The Muspels are this DLC's billboard baddies, although the trailer suggests that the frost giants are also involved, and that you'll be able to snatch some kind of frosty Power of Jotunheim. Still, it was the fire giants running the show in the DLC, and it's their leader Surtr who has captured Baldr. Muspels have some interesting group dynamics as enemies, in that if there are enough of them in one place they can do a war cry that makes them (somehow) even more on fire than their base level of 'lava'. The preview made them look pretty tasty to fight, although stealth will often be a better option if you want to come out the other side in tact. Although there was, of course, a glimpse of an unavoidably huge boss called Glod. We did not get to see a fight with Glod, but the name Glod made me laugh so I approve on that basis.
This DLC will be, apparently, about 35 hours worth of adventuring, which Ubisoft have decided is enough to make it its own standalone game that you'll have to buy separately to the existing season pass. Of course, how much of that is meaty stuff to do is unconfirmed. There are other new things: a kind of ancient Norse poleaxe called an Atgeir with big crowd control push-backs and sweeps, the ability to upgrade your gear to Divine quality and equip them with Odin runes, and a combat arena to test your skills and earn rewards. Plus, there's a whole new world to explore. We only saw a tiny bit of it, but Svartalfheim has the look of a European pine forest. An old, primal place, y'know? Fire and ice and earth. A big castle on an unreachable peak. And the big roots of the world tree on the horizon, which look kind of horrible, actually - menacing and spidery. There's potential in them thar hills.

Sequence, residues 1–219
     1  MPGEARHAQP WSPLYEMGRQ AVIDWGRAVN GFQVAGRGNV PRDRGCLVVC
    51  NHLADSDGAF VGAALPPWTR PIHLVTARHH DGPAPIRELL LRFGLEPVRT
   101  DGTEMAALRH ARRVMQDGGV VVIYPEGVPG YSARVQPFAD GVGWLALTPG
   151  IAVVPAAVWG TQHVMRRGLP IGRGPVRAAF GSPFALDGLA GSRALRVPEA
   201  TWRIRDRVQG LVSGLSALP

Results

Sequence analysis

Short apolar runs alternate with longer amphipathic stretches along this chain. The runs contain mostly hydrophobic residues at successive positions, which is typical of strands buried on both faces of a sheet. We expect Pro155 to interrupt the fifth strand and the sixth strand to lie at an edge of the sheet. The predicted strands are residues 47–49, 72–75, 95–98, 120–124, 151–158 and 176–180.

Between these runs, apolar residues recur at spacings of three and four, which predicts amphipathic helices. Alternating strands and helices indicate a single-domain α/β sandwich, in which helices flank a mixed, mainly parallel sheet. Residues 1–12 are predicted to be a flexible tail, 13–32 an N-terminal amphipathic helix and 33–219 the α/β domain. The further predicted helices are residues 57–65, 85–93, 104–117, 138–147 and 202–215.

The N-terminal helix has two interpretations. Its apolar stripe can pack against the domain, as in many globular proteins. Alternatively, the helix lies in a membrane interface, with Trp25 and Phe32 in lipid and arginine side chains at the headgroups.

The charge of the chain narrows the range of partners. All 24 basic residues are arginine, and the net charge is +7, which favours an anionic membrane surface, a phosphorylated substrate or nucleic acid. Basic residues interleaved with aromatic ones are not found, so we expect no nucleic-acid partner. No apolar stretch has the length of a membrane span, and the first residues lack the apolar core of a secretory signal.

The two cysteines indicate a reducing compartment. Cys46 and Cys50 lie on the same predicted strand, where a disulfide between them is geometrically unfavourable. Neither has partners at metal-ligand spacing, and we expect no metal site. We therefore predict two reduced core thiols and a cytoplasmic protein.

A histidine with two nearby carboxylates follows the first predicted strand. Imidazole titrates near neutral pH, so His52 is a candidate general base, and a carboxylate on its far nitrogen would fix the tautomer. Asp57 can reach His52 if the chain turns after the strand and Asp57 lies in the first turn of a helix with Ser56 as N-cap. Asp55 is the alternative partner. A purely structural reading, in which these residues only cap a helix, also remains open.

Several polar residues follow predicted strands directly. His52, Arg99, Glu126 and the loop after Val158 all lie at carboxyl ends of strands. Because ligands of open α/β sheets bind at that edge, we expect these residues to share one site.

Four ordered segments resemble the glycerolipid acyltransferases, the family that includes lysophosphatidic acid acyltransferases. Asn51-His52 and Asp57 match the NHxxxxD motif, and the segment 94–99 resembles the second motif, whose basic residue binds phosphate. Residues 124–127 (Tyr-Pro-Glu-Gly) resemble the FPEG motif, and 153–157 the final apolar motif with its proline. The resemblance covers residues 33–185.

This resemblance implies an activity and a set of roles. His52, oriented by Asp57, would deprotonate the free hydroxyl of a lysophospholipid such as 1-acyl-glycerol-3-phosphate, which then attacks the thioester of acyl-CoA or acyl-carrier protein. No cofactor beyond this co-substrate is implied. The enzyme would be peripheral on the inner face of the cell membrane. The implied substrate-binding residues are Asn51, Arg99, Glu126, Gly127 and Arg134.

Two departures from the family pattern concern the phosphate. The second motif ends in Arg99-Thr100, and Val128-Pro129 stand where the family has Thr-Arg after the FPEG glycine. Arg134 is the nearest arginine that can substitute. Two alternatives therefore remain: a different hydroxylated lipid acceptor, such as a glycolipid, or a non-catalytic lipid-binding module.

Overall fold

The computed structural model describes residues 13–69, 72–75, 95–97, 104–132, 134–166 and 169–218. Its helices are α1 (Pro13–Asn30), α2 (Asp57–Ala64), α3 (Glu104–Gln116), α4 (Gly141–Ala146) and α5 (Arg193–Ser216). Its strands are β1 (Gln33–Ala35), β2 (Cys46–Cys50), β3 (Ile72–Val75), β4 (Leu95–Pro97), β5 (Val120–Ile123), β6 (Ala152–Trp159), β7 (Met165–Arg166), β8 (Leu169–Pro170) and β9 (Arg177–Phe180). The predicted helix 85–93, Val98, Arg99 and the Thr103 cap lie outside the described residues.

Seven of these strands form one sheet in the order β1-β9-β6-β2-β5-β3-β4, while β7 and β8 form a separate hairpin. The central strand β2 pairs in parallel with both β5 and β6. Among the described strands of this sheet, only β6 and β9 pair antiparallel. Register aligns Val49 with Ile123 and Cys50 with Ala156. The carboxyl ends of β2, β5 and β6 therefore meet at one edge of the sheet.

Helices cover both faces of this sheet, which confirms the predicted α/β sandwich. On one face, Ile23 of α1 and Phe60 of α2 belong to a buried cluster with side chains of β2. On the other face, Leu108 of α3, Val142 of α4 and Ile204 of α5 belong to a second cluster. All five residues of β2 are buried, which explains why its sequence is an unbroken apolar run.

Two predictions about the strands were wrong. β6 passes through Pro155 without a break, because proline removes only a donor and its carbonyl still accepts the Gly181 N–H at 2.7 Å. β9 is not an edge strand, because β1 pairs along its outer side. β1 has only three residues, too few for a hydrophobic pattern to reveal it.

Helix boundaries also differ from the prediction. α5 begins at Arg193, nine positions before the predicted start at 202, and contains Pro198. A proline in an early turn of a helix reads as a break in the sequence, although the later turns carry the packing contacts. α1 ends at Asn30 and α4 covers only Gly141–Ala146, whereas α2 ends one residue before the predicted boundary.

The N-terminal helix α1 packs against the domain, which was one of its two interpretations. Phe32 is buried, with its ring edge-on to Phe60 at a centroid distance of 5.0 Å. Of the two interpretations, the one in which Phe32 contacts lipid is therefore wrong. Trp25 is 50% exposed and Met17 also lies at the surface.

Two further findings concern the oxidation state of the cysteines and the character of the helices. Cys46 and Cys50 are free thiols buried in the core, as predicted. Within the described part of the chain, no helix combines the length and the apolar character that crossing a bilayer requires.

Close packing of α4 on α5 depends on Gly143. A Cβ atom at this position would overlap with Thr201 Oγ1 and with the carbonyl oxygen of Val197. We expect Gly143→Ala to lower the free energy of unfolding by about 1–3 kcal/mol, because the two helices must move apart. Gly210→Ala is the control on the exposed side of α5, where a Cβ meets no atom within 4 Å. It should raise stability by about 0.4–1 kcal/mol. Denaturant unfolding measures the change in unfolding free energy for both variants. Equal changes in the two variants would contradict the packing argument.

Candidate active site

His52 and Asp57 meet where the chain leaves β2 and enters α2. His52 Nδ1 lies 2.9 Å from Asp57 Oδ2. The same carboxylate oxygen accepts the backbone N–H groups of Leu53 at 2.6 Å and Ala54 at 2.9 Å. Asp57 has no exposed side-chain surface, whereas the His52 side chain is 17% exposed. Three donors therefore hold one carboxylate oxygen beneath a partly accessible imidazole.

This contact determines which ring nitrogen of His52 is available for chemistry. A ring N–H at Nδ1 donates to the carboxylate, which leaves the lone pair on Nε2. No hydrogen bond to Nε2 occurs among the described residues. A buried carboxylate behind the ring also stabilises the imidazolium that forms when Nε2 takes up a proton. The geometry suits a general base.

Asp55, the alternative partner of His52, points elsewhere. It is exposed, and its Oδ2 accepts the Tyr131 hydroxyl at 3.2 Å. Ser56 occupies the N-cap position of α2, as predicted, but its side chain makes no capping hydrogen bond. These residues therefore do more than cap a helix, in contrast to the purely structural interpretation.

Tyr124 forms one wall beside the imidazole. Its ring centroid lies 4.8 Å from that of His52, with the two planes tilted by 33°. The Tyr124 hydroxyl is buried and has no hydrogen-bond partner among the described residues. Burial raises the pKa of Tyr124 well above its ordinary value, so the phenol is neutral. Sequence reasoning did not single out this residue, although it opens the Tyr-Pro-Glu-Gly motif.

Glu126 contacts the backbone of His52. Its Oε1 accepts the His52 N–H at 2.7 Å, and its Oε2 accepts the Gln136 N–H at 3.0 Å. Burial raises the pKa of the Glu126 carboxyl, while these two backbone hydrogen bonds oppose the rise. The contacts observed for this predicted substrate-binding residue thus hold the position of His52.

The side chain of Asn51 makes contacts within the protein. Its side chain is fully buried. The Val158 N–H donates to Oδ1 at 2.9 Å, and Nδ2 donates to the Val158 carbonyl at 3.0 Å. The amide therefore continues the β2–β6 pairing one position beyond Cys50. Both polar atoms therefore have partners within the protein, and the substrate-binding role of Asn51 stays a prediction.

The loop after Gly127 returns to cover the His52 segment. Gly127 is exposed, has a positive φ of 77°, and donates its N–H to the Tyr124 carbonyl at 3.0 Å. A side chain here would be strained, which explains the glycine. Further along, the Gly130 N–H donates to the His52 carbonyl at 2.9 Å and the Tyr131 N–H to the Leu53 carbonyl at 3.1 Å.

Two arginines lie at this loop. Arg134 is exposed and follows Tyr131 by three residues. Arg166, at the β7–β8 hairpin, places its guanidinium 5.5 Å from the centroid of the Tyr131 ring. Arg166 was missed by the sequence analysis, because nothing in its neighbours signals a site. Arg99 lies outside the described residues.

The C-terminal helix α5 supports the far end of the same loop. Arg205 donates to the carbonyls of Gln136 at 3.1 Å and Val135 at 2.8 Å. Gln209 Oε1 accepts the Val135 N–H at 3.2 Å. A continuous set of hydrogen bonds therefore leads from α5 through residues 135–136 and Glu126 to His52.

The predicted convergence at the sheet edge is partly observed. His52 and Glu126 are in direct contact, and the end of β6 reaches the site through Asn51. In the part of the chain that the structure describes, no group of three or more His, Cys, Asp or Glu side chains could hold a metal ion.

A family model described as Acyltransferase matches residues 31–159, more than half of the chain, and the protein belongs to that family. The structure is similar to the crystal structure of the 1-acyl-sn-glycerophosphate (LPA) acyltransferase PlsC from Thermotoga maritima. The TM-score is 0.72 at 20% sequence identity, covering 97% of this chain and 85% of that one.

We don't actually have that long to wait to find out if that potential is a huge, rich seam or just another few measily veins that will make us curse the day we set out prospecting. Dawn Of Ragnarok is coming out next month, on March 10th, and Ubisoft want everyone to be able to play it. According to producer Mariana Gosteva, the recommended power level for the DLC is 340, but you can just, you know, skip to that level if you want. The best case scenario is that Dawn Of Ragnarök is as chunky and as interesting a DLC as Fate Of Atlantis was for Odyssey, one of my favourite DLCs that any blockbuster game has ever had. Whether it actually will be is another matter, but I'll take being able to turn into a raven. Now, if I can turn into a giant magic pig? That will really be something.
A group of current and former Ubisoft employees, under the name ABetterUbisoft, are still calling for the company to meet their demands in the wake of allegations of widepsread sexual harrassment and discrimination. They have a public petition which has been supported by over 15,000 people. ABetterUbisoft have frequently voiced support for Activision Blizzard employees going through a similar situation, and their employee group, ABetterABK.